Source: Guangming Daily, December 1, 2015 U.S. President Barack Obama’s term will end in 2016. He hoped to leave the U.S. climate policy, particularly the global agreement on emissions made at the climate summit in Paris, as his "political legacy." A Guangming Daily article asked whether this might be just an empty wish.
The article stated, “Although Obama is sparing no effort to promote America’s new emission reduction targets, opposition from the U.S. Congress continues unabated and may make Obama’s climate policy short-lived. Most Republicans voted against the Obama administration’s unilateral action on climate change issues. Many members of Congress even questioned whether human actions are responsible for global warming. Some media commentators believe that Obama can certainly use his administrative veto, temporarily excluding resistance from Congress, so that the new emission reduction measures can be implemented within his term of office. However, the U.S. Constitution requires that Congress must pass any Contracting Act in order to become a law. Otherwise once Obama leaves office, the next president will have the right to deny Obama’s climate policy, making the agreement reached at the climate summit in Paris an empty letter in the United States.”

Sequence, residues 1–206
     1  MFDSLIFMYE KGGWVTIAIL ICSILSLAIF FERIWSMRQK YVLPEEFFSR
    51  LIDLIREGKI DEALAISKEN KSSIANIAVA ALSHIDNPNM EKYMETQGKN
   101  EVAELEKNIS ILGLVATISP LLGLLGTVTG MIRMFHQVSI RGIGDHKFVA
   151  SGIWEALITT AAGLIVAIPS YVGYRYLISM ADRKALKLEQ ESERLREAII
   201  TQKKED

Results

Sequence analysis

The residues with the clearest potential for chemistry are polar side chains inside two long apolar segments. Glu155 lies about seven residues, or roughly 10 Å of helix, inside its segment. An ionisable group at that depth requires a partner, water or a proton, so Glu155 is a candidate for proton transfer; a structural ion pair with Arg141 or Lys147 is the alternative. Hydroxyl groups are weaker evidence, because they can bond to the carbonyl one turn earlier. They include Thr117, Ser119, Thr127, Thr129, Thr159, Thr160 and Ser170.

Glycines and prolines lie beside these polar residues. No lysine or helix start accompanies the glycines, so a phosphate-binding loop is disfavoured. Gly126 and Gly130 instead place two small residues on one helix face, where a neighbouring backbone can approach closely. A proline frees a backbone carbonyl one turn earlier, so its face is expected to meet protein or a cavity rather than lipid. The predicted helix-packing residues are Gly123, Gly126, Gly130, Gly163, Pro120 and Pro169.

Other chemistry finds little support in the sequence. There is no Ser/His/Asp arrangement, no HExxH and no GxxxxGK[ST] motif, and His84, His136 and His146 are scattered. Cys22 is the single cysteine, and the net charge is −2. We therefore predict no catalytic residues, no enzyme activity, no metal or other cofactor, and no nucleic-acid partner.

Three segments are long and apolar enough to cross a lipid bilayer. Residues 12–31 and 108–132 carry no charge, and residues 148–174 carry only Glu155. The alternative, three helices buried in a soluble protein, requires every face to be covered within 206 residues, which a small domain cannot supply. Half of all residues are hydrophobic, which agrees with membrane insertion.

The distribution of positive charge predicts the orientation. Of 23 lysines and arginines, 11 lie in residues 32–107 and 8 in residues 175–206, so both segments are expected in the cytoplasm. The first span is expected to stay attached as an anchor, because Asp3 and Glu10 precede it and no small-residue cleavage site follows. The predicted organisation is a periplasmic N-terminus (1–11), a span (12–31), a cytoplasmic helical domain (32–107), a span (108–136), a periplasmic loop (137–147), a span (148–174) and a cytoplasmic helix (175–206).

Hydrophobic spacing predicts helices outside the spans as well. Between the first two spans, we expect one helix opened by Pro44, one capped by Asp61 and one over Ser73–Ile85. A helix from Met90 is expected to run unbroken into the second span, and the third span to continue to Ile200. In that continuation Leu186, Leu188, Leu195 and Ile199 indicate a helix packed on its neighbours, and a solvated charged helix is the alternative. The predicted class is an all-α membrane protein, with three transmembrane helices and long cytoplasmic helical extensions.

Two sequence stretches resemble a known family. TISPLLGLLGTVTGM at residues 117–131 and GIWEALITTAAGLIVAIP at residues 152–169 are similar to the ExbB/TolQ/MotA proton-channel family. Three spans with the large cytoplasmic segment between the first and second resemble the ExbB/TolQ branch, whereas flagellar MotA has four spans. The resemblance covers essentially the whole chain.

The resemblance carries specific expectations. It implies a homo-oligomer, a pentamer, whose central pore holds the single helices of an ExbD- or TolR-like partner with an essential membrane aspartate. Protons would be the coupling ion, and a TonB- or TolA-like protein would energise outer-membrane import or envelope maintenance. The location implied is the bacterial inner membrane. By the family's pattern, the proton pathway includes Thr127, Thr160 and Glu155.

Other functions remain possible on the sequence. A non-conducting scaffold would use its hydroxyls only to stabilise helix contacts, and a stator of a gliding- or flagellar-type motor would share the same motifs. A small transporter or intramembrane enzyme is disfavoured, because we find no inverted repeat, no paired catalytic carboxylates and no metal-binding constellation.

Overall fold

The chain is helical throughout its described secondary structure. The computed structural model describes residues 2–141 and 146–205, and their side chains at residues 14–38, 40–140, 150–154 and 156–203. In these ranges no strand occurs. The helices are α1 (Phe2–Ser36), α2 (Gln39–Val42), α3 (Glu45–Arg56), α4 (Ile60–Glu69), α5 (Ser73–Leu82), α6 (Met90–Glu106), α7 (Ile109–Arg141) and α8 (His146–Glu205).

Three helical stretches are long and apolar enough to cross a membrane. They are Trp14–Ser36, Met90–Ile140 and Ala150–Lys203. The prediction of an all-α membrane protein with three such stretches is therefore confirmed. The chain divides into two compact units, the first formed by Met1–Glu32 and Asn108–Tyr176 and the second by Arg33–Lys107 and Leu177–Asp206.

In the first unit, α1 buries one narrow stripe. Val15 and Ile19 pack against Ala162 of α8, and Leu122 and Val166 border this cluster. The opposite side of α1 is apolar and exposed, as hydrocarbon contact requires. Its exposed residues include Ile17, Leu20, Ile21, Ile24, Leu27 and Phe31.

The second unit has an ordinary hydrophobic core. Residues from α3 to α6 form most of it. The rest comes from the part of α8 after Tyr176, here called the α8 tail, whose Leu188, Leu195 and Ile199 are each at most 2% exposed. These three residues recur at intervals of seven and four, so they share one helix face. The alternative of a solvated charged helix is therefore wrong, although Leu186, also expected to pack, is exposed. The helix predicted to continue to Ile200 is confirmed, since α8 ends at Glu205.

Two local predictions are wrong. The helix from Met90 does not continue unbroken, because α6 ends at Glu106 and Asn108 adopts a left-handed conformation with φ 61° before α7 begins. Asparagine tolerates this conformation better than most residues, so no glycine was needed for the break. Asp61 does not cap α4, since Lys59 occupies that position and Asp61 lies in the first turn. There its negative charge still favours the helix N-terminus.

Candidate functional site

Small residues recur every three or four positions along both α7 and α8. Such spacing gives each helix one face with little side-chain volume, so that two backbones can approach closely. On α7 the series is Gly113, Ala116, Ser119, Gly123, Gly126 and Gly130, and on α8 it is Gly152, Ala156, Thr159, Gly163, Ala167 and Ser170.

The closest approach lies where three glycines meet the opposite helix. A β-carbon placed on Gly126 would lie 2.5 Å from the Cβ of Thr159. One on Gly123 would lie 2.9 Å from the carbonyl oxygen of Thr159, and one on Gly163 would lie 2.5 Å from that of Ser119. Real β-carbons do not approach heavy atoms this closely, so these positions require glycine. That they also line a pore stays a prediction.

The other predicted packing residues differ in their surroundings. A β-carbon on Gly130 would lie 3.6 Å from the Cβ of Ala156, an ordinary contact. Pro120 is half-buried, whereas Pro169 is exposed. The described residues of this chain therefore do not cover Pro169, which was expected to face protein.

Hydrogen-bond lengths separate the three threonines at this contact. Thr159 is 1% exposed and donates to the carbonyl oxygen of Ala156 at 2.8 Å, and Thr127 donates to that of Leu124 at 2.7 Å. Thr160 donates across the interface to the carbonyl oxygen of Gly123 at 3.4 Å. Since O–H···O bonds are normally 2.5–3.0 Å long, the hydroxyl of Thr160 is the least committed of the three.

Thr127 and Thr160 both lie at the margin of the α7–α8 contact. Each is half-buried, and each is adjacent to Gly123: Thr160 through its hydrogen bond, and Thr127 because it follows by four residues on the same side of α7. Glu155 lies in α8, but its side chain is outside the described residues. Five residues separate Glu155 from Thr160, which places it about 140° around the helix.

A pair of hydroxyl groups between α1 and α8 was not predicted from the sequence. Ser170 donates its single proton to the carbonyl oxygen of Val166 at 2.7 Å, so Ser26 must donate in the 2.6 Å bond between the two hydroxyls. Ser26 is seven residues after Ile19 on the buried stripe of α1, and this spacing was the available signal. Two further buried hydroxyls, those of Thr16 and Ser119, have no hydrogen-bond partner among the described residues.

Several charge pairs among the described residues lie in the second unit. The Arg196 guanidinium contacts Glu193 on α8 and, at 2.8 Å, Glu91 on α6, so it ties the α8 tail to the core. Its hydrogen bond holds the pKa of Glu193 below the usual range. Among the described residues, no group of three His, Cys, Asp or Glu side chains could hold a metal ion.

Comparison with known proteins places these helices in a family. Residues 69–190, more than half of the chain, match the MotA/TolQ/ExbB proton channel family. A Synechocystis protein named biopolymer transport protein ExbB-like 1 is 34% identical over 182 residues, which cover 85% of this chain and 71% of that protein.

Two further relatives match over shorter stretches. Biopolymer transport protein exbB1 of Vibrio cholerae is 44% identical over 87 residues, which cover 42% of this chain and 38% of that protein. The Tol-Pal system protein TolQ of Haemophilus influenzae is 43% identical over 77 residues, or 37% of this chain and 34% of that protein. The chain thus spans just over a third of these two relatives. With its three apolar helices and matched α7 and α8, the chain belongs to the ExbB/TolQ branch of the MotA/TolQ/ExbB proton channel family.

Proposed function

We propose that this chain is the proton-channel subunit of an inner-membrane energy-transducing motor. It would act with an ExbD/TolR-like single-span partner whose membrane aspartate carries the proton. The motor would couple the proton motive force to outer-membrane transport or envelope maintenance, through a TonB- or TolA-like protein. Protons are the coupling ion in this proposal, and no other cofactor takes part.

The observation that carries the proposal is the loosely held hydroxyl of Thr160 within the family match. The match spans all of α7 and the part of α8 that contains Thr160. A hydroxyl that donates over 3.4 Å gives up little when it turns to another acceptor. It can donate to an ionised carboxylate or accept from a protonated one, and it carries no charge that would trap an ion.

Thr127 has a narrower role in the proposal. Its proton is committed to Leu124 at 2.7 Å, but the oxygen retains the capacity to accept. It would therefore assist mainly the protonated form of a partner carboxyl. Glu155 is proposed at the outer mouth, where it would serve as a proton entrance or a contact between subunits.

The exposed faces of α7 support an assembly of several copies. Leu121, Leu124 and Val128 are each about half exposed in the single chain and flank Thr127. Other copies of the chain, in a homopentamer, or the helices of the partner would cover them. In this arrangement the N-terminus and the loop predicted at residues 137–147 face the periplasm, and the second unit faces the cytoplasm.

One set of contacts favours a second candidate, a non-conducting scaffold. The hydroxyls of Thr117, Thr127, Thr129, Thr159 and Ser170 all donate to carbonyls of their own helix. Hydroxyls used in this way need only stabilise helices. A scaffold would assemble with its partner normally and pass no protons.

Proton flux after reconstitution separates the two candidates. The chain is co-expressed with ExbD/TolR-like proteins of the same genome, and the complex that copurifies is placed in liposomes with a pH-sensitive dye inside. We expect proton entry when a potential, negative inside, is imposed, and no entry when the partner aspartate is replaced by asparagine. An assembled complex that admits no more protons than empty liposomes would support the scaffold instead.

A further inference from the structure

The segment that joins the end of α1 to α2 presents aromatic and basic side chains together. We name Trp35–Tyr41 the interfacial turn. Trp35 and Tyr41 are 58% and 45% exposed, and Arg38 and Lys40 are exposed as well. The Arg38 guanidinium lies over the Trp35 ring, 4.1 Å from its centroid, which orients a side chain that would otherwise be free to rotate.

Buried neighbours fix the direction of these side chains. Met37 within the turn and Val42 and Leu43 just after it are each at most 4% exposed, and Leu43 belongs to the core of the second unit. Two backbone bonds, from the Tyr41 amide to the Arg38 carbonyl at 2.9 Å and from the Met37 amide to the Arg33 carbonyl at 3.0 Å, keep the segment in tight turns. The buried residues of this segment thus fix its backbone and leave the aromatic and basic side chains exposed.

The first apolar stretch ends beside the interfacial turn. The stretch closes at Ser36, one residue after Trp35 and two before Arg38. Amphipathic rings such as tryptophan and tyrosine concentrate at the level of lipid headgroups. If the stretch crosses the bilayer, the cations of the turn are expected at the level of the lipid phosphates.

Sources: Guangming Daily and Xinhua, December 1, 2015